Lung surgery is employed for the repair or removal of diseased lung tissue. There are different types of lung surgeries that can be performed, depending on the nature of the disease:
Lung surgery is performed under general anesthesia. Lung surgery can be performed via thoracotomy (open chest surgery) or video-assisted thoracoscopic surgery (VATS).
In a thoracotomy, the patient is placed on the operating table, on their side with the arm placed above the head. This surgery may last for 2 to 6 hours. An incision is made along the side of the chest, towards the back, between the ribs. The ribs are spread apart and the lung on the affected side is deflated to allow more room for the surgeon to operate. The amount of lung tissue that needs to be removed may only be determined after the chest is opened and the lung tissue is examined. The surrounding lymph nodes may also be removed. After the surgery, drainage tubes may be placed in the chest to drain the fluids from the chest cavity. The ribs, muscles, and skin are then closed with sutures.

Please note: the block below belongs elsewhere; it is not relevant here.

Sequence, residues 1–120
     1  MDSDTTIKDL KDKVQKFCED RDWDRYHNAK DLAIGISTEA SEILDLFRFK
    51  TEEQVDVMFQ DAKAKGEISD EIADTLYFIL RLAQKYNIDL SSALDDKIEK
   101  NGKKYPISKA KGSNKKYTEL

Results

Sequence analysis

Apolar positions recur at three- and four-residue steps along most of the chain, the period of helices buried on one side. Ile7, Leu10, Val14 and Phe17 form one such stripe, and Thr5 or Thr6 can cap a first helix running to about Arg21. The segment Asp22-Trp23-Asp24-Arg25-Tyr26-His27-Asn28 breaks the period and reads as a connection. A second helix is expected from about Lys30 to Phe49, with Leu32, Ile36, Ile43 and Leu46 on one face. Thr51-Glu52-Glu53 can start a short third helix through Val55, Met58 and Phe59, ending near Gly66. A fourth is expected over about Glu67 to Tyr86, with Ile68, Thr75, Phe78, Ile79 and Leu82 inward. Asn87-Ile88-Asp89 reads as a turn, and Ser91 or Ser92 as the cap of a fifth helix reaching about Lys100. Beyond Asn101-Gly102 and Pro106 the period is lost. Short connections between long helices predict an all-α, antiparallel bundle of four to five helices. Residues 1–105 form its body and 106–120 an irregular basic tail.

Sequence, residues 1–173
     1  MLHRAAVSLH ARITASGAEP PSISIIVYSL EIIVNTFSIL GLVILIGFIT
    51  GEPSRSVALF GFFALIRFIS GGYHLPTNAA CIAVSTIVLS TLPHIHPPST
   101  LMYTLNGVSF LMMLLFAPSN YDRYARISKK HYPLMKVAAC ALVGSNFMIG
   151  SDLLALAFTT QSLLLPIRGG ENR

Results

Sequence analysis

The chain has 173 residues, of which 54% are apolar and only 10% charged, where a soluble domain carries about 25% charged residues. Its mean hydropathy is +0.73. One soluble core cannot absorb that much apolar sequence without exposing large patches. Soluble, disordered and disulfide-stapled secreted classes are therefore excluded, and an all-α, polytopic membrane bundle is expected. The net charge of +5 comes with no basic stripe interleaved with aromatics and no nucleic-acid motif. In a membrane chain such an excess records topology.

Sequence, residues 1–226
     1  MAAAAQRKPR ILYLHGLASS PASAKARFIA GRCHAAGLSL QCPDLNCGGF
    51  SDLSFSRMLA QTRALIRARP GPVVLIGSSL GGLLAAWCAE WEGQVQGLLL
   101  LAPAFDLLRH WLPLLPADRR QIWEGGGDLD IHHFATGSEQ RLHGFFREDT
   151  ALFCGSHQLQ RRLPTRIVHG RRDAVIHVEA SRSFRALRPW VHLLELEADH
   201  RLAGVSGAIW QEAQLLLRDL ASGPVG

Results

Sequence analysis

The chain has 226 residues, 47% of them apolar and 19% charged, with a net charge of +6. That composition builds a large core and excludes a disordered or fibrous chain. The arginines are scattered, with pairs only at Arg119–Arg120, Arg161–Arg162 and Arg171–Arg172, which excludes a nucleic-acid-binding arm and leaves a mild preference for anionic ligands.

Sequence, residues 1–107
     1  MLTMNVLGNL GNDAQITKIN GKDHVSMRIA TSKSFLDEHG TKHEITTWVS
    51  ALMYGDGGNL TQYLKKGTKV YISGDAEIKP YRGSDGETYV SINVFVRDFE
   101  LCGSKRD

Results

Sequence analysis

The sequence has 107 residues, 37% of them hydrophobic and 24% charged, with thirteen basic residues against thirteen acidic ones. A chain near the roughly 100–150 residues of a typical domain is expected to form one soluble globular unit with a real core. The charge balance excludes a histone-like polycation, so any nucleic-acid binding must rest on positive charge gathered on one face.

In video-assisted thoracoscopic surgery (VATS), your surgeon will make several small incisions over your chest wall. A long, thin tube (videoscope) with a camera attached to one end and small surgical instruments are inserted into the chest through the small incisions. Then, a part or the entire lung may be removed. This may also be coupled with other procedures. A chest tube is inserted to drain the accumulated blood or fluid. This surgical approach results in less pain and faster recovery compared to open lung surgery.
A thoracotomy or video-assisted thoracoscopic surgery (VATS) is done to remove lung cancer or tumours, accumulated fluid, blood or blood clots, and infections from the chest cavity. They may also be used for biopsy and management of collapsed lung tissue and lung injuries.